The Grandeur of Belém

Last Friday, I decided it was high time I get myself out to Belém, one of Lisbon’s most beautiful areas. Perched on the bank of the Tejo, this place is a historical, architectural gem. It is pretty well always pretty busy, tourist-wise, but that’s with good reason. Jumping off the bus just after Alcantara, I strolled down the waterfront, first taking in the stunning views of the 25th April bridge, which crosses the estuary to Almada, on the other side.

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Massive Jesus giving out free hugs

It was a bright, sunny day, but with a pretty serious wind coming in off the water, so it felt a bit chilly. Arriving at Belém itself though, any thoughts of the elements disappear when you see the great monument to the discoveries. This monument is here to symoblise the golden age of Portugal, when its explorers were going out into the new world and claiming new lands for the empire. In spite of any misgivings you might have about colonial activities and their more unsavoury exploits in the new lands, it was, undoubtedly, a thrilling time for the “old” world and this monument sets that scene on a grand scale.

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From here, a short walk through the subway under the main road and railway lines takes you to the gardens of the monastery of St Jerome and its connected chapel. In the blustery conditions, the fountain at the centre was soaking everything but looked very impressive.

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But, before any thoughts of entering the church, it was essential to take in the other famous element of Belém – the Pasteis de Belém. All over Lisbon, you can’t avoid – and nor would you want to – the Pastel de Nata. A custard cream tart, which is pretty much my favourite cake, these days. The Pastel de Belém is the same thing, but the original recipe from way back in the 19th century. Still sold in the same rabbit warren factory-café that it started in all those years ago.

IMG_20141017_170908306 IMG_20141018_153259283They come straight from the oven, and are just that little bit crispier than the regular pasteis de nata you’ll find throughout the city. They were fabulous, dusted with a little icing sugar or cinnamon. Don’t however, make the mistake that we made in taking some home. They lose the crispiness very quickly and the crust even becomes oddly chewy. Though they do come in this attractive tube. A lesson learned.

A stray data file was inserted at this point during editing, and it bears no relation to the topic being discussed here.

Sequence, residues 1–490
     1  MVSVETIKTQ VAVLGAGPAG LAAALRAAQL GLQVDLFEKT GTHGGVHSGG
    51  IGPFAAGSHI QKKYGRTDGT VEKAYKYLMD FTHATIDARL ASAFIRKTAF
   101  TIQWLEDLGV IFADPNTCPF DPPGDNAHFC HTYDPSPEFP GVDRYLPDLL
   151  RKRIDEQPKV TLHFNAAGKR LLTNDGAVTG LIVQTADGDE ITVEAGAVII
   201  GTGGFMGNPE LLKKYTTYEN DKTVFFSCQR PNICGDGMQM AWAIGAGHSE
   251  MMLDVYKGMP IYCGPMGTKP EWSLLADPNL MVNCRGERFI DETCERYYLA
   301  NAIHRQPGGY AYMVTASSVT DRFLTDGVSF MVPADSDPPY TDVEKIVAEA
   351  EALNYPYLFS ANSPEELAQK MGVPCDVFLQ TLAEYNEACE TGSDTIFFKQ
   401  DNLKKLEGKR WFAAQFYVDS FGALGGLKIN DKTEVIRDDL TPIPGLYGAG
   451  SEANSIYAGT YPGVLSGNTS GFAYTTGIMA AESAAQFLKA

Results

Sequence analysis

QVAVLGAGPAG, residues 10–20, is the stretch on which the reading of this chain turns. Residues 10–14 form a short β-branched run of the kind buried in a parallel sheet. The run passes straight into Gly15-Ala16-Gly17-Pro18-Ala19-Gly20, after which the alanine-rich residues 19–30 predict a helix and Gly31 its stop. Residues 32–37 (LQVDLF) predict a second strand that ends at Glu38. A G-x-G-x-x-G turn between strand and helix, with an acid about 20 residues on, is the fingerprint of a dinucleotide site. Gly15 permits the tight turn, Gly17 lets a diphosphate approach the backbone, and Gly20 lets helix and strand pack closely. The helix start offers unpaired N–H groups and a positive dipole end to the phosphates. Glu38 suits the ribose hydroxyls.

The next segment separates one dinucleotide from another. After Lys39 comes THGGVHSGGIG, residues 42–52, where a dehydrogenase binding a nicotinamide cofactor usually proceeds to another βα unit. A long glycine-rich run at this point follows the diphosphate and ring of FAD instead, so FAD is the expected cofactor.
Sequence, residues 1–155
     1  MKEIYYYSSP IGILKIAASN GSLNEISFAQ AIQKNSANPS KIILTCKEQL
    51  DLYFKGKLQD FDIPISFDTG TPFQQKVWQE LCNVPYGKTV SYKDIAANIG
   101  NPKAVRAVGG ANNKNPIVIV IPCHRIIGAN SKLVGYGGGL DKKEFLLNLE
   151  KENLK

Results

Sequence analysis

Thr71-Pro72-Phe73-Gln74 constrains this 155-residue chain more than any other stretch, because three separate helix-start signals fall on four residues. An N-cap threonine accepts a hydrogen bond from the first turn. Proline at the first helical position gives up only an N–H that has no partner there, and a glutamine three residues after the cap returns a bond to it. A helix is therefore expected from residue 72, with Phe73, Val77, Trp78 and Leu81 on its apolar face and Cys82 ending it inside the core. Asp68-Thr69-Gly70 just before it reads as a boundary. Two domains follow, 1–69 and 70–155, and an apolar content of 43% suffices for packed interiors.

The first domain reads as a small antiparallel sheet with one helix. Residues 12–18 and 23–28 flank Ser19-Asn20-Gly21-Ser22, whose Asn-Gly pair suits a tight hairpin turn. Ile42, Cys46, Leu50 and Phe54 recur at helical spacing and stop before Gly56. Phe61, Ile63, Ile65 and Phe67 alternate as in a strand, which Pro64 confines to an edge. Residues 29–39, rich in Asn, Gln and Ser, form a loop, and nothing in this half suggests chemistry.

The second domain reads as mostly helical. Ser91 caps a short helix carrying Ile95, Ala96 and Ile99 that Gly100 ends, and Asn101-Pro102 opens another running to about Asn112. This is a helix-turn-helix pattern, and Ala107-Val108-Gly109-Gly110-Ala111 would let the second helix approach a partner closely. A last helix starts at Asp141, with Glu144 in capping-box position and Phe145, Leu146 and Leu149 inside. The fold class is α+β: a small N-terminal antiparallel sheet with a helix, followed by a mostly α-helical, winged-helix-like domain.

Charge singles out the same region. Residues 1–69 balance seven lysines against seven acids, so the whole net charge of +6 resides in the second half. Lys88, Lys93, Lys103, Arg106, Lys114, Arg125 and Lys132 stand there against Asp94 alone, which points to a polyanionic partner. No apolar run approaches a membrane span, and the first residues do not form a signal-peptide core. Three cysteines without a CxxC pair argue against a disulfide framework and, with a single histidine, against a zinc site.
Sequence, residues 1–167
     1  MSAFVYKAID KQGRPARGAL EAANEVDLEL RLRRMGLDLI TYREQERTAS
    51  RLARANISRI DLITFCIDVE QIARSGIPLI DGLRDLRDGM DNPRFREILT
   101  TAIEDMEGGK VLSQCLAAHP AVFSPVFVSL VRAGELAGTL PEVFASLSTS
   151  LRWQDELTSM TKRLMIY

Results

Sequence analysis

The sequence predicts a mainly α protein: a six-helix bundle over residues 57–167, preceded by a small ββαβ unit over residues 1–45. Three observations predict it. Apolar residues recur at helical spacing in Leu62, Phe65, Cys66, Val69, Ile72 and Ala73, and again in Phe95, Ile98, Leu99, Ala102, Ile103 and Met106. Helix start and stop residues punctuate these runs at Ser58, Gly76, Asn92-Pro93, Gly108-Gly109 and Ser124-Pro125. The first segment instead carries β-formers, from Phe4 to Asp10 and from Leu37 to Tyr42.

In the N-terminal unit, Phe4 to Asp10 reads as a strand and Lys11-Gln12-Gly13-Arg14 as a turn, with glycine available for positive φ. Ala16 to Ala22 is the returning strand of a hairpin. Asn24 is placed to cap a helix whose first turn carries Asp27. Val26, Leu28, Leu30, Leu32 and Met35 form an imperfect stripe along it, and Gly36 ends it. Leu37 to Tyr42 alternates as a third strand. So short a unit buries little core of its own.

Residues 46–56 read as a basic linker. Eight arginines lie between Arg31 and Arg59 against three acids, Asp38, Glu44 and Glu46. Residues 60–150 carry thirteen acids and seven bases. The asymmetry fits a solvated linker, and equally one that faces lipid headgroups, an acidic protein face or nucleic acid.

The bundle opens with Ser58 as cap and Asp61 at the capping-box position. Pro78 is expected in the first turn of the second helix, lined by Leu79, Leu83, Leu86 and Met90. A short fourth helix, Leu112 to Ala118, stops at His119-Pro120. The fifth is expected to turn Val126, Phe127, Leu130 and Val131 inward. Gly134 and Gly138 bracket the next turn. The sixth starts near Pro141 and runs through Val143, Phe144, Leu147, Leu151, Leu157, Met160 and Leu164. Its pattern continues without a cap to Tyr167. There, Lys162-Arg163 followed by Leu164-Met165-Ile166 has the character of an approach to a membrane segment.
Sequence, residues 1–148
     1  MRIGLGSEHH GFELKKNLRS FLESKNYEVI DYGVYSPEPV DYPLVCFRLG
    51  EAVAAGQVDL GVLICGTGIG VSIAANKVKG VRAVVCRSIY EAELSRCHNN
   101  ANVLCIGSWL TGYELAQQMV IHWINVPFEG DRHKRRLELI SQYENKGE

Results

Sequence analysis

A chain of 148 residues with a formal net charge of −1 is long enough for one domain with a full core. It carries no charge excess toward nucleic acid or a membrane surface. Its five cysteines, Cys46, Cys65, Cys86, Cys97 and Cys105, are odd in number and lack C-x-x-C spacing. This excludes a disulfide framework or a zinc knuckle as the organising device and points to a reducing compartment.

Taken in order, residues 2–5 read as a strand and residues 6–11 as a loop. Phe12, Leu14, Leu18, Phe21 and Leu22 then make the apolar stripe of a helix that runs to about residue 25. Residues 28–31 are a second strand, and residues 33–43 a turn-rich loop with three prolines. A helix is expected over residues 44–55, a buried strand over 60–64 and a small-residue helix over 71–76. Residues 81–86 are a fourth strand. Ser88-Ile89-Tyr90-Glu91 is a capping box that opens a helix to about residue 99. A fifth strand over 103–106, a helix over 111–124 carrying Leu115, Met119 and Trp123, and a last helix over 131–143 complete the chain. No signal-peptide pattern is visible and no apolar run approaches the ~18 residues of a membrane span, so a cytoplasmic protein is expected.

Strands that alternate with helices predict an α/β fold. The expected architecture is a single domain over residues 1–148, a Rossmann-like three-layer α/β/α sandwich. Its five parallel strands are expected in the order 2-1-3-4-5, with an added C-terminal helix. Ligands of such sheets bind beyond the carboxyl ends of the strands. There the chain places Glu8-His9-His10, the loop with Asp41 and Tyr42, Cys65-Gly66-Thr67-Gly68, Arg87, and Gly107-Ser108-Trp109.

On from here to the inside of the church, which is pretty seriously grand. Sadly, it didn’t come across so well in my photos, due to their entirely reasonable “no flash photography” rules. Hopefully you can some idea of the grandeur of the place.

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One thing which didn’t come out in my photos at all, sadly, is the burial tomb of Vasco de Gama. It’s quite something, and really worth seeing.

From here, all that was left was the short walk up the river front to what was to be, for me, the most impressive sight of the afternoon. Through the garden of Belém to the Torre de Belém. The tower was originally an ornamental piece, but was actually used as a first line of coastal defence later on. The position of it, as this magnificent, beautiful outcrop into the river is so breathtaking. It’s a must see if you’re in Lisbon.

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5 thoughts on “The Grandeur of Belém

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  3. Pingback: The First Stop on my Every Lisbon Tour: A Manteigaria | Um Lisboeta Inglês – An Englishman in Lisbon

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